Additionally, HCMC employs a more comprehensive procedure for filing petitions for commitment as mentally ill and dangerous than for petitions for commitment as mentally ill. To file a petition for commitment as mentally ill and dangerous, records regarding the patient’s treatment and behavioral history are gathered to the extent possible; a team considers a possible petition for commitment as mentally ill and dangerous; and an evaluation is obtained from at least one additional psychiatrist. HCMC took more than two weeks following the assault to obtain the additional information needed to file the petition for commitment as mentally ill and dangerous, although an order to allow administration of neuroleptic drugs was granted at the hearing for commitment as mentally ill only two days after the assault.
does not cite any legal authority that would prohibit HCMC from pursuing a petition
for commitment as mentally ill and dangerous after a hearing and commitment as
mentally ill. The district court did not
err by allowing petitioner to bring a petition for commitment as mentally ill
and dangerous because, as the court stated at the hearing, although this
“appears to be a case of first impression,” double jeopardy and res judicata do
not apply. See In re Civil Commitment of Martin, 661 N.W.2d 632, 641 (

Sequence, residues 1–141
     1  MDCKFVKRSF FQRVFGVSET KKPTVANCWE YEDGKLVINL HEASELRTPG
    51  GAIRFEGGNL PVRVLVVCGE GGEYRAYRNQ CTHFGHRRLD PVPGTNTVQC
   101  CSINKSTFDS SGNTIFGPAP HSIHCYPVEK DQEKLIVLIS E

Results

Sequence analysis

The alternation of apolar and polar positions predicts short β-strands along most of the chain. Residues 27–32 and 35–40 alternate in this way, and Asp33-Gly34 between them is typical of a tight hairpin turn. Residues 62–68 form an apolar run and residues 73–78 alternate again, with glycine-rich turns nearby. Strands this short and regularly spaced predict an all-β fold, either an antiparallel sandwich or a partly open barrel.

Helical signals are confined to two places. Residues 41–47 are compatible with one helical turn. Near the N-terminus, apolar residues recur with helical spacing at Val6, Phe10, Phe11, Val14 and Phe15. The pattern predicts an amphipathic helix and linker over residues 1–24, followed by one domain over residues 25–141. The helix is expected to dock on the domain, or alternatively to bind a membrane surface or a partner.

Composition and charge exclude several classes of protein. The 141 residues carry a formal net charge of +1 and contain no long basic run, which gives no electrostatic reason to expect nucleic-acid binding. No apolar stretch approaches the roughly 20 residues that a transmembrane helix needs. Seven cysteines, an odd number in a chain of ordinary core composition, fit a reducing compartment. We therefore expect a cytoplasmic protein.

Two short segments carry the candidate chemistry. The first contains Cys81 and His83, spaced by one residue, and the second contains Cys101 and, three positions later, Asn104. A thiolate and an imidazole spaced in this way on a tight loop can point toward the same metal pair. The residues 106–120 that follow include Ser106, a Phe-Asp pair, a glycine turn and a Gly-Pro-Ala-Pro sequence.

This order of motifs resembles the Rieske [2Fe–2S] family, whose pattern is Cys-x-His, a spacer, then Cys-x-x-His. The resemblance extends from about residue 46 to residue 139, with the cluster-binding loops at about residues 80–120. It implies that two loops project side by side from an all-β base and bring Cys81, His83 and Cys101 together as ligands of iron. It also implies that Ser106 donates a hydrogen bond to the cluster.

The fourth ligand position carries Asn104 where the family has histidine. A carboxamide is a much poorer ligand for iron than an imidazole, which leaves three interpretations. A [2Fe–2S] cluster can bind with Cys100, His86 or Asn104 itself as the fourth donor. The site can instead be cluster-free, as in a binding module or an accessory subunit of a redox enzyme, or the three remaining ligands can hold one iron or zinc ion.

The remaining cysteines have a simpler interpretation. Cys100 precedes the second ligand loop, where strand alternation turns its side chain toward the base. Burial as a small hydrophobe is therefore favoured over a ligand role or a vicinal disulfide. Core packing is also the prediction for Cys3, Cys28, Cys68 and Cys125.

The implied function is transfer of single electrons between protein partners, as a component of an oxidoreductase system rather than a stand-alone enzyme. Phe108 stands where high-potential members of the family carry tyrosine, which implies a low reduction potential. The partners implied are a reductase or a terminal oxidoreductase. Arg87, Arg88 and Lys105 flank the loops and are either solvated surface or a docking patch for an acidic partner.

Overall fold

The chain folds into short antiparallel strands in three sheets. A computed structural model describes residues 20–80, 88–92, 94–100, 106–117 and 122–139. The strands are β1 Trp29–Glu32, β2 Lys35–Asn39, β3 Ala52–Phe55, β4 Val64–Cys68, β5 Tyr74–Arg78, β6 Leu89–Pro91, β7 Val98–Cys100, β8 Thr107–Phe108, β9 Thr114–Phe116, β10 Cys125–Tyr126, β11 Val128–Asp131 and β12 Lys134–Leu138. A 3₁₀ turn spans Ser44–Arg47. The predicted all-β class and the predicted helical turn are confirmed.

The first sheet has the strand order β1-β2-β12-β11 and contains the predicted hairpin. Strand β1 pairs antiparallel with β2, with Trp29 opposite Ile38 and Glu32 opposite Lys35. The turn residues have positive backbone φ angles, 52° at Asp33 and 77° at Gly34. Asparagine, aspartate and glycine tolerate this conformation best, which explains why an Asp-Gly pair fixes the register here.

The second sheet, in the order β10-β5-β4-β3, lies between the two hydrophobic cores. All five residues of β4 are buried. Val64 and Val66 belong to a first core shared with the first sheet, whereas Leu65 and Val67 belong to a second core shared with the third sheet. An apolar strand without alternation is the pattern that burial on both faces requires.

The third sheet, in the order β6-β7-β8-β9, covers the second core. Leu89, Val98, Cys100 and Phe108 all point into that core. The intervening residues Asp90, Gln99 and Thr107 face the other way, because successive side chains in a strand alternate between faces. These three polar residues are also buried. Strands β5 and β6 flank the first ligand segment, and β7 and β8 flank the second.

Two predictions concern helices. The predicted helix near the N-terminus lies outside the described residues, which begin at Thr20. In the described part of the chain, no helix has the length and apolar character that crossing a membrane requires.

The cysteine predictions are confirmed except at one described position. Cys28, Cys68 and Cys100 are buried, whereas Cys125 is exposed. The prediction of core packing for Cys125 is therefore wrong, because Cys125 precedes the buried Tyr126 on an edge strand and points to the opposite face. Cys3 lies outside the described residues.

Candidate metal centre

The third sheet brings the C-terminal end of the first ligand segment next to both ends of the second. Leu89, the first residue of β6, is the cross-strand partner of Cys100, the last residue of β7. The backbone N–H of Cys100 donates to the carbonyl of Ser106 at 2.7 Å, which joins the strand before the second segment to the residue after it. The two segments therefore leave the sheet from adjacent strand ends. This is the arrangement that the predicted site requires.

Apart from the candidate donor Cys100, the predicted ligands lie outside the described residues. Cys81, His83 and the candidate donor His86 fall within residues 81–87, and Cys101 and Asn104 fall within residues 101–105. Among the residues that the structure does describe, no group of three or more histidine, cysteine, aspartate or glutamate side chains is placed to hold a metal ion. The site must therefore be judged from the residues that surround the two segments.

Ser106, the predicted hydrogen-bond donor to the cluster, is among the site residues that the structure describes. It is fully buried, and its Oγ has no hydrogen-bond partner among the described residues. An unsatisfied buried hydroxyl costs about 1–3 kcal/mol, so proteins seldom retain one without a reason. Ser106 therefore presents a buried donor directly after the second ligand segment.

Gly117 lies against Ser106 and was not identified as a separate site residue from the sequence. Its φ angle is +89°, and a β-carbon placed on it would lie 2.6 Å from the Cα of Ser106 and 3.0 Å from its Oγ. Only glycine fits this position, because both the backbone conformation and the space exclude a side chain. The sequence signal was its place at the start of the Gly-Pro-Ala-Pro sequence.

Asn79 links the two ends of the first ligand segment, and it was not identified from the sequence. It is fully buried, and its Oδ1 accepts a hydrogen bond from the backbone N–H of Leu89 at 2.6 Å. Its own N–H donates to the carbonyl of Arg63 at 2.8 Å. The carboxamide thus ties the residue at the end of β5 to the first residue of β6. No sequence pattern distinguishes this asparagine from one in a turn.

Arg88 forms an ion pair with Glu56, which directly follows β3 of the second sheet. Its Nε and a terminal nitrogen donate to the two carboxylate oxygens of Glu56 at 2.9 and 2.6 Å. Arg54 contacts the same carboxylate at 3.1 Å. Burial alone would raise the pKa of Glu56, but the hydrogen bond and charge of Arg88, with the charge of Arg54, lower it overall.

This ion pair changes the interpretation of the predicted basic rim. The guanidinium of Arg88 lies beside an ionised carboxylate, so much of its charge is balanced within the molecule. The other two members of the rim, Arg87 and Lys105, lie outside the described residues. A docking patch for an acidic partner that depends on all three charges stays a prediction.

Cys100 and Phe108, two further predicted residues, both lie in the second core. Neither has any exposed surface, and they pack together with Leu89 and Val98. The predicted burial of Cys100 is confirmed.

second contention is that the district court erred in finding that her overt
act or assault upon R.G. was sufficiently serious to satisfy the statute for
commitment as mentally ill and dangerous.
She argues that because the act of grabbing the nurse’s hair and pulling
her out of the nurses’ station had already been determined by the district
court to have been “a recent attempt or threat to physically harm another” and
to be “a substantial likelihood of physical harm[,]” a later finding that the
nurse was more seriously injured does not justify redefining the act as
“causing or attempting to cause serious physical harm to another” and
presenting “a clear danger to the safety others” because the overt act is not
defined by the resulting harm. We
disagree. See In re Jasmer, 447 N.W.2d 192, 195-96 (
there is sufficient evidence to prove that an overt act took place is a legal